A Modest Proposal to Help the U.S. Avoid an Economic Train Wreck

The United States is headed for an economic version of a Wall Street “triple witching hour.”  In finance, a triple witching house comes along four times a year, when options contracts on stocks, options contracts on stock indexes, and futures contracts of those indexes all expire at the same time on the same day.  Washington’s own version will unfold at midnight, December 31, 2012.  That is the moment when, at once, all of George W. Bush’s tax cuts expire, President Obama’s payroll tax relief ends, and the grace period before $1.2 trillion in across-the-board cuts runs out.  If the President, Congress and the two parties cannot finally agree on what to do about spending and revenues, their doing nothing will actually solve most of the U.S. deficit problem.  But all of that austerity coming at once would also shut down the U.S. economy.   

We actually face something close to a quadruple witching hour, because sometime in late-December or early-January, within days or weeks of everything else, the U.S. debt limit will run out again.  The irony is that if the lame duck Congress and possibly a lame duck President cannot resolve these matters, the United States could face a technical sovereign debt default even as its political gridlock carves out a sustainable path for its government debt.  Given how tortuously difficult it has been to resolve any one of these issues thus far, on even a temporary basis, the health of the American economy demands some new political thinking.

The range of scenarios for the post-election period is mind-boggling.  For example, conservatives might be tempted to trade a multi-year extension of payroll tax relief for permanent status for all of the Bush tax cuts.  A newly-reelected President Obama might consider agreeing if, say, the Republicans also would agree to find some new revenues from other sources and fold in a multi-year extension for the debt limit.  (Good luck with that.)  And if Romney wins the White House, congressional Democrats could call his bluff, let him enter office with a sinking economy, and then force him to negotiate with a Senate Democratic caucus able to block whatever a GOP House passes.  Or, in what would pass for a rosy scenario here, everyone may be so exhausted from the years of political trench warfare that all sides agree to extend everything for several more months, so the new Congress and whoever is President can try to work it all out.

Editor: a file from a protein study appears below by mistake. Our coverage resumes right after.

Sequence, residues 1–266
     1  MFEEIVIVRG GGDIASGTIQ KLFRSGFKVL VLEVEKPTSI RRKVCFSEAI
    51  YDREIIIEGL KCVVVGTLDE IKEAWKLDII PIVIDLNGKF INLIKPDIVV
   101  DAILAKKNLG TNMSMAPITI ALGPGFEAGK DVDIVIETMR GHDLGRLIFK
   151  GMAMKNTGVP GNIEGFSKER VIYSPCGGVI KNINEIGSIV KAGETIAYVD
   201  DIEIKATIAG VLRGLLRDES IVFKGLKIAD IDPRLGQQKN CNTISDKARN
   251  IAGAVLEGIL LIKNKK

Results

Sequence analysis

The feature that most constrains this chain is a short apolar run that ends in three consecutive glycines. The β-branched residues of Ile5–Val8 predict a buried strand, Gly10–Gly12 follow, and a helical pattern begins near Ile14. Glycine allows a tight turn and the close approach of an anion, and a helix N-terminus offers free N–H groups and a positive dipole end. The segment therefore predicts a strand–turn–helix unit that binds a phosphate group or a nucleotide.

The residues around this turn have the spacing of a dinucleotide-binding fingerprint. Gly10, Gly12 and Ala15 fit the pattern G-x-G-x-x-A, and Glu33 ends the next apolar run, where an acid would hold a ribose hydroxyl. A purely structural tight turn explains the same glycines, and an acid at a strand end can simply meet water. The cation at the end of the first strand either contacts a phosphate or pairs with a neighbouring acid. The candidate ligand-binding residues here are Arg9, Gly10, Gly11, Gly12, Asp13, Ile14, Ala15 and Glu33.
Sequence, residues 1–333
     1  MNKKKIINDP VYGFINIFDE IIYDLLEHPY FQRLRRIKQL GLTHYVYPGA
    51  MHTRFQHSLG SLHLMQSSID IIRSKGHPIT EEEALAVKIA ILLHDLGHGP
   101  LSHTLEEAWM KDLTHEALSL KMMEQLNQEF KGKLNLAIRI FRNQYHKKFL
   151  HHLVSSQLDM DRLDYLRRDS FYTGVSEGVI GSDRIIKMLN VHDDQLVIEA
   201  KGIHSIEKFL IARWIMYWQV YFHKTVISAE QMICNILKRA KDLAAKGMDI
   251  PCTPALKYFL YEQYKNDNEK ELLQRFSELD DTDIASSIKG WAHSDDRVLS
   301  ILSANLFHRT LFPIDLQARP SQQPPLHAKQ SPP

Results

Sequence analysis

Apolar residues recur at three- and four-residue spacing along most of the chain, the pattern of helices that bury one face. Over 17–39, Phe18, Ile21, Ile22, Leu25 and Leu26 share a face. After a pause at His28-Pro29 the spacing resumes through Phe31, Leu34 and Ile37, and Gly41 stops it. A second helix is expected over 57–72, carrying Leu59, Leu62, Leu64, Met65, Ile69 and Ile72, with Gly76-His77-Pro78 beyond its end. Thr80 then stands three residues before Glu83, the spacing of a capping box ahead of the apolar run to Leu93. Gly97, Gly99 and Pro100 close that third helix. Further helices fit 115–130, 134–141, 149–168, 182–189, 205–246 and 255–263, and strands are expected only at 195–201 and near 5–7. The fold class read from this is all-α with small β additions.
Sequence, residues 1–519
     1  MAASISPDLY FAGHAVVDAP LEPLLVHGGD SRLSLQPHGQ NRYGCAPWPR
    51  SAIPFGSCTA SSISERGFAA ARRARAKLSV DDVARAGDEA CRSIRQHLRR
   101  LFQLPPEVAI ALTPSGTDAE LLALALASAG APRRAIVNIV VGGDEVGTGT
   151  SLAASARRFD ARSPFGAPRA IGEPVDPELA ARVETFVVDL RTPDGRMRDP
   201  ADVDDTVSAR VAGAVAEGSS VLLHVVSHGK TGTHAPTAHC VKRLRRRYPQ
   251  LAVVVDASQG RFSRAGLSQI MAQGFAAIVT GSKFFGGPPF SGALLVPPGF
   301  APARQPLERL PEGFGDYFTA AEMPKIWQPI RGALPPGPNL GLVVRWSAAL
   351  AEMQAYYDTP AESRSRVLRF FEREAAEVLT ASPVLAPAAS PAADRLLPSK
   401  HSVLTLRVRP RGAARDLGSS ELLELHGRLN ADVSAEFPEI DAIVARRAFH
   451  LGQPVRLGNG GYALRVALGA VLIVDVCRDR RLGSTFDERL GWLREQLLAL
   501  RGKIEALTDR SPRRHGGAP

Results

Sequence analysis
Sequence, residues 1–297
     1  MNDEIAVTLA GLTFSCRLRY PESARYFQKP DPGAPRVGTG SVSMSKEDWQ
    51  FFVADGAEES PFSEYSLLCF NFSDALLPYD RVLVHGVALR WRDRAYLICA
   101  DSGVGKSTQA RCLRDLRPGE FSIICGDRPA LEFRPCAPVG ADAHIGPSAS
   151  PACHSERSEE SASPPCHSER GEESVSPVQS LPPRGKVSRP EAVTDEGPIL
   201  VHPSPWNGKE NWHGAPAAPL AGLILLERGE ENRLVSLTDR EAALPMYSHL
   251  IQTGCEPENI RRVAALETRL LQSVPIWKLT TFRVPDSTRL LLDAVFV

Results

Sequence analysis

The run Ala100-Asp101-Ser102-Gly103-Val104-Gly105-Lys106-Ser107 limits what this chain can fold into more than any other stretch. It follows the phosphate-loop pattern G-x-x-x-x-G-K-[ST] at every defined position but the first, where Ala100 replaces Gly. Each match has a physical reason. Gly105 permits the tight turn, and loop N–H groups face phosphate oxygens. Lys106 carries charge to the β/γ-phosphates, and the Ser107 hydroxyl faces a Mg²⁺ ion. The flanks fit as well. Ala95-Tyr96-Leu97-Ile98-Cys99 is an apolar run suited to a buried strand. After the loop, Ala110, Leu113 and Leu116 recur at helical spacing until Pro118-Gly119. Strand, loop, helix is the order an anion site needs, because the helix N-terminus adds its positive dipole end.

Whatever the election results, the debate over taxes and the budget will dominate our politics and government through at least the first half of 2013.   In fact, that happens nearly every four years.  Since Ronald Reagan’s first term, most Presidents have figured out that they can use their initial budget and tax initiatives to carry most of their agenda – and that their sway with Congress will likely only erode with time.  To be sure, this initial focus on budget and taxes made more sense when Washington still knew how to forge bipartisan compromises.  The question today is, can any president get the current crop of Republicans to sign on to any plan that includes new taxes?  And without that concession, could any president persuade congressional Democrats to reform Medicare and Social Security?

If taxes and entitlement remain off-the-table, there can be no grand bargain and no resolution.  For the short-term, the United States instead will face auto-pilot austerity.  More important, the patience of global investors with our stumbling political process could run out, which would mean rising long-term interest rates.  If that happens, the U.S. expansion will end before it can generate any benefits at all for most Americans.

The next president needs a game changer, one that might entice each side to make painful concessions, say, in exchange for control over the impact of those concessions.  As president, Bill Clinton could intuit the terms of such mutual concessions.   We will have to settle for a new process – or for putting an old one to new use.  

For many years, certain aspects of taxation have been seen as too complex and esoteric for even the professional tax mavens at the Senate Finance and House Ways and Means committees.   The taxation of mutual and stock life insurance companies is an example.  So when Ronald Reagan raised corporate taxes, the tax writing committees parceled out several billions of dollars in new revenues to the life insurers and told them to figure out how to raise it in ways that would be least disruptive economically.   Those were simpler times politically, to be sure, but the same model could be adapted to our current problem.

Let’s assume that the lame duck gives the President and Congress a few more months to work out everything.  Next January, the President and the leaders of both parties in both houses agree – tacitly, of course -- on how to broadly allocate another $4 trillion in budget savings over 10 years, under new rules.  Say, for example, that $1 trillion would come from new revenues, $2 trillion from entitlement reforms, $200 billion from discretionary defense spending, $300 billion from additional discretionary non-defense programs, and the rest from interest savings.  By agreeing to $1 trillion in new revenues, Republicans get the right to design whatever reforms they deem best to achieve the target.  Similarly, by agreeing to $2 trillion in entitlement savings, Democrats gain the right to fashion whatever Medicare and Social Security changes they deem best.  Similarly, Republicans could allocate the additional defense cuts, and Democrats would parcel out the additional, discretionary non-defense cuts.  And the looming threats from the expiration of everything, combined with the knowledge that each party would control the terms of the changes it fears most, might just be enough to get both sides to agree to the underlying allocation of pain.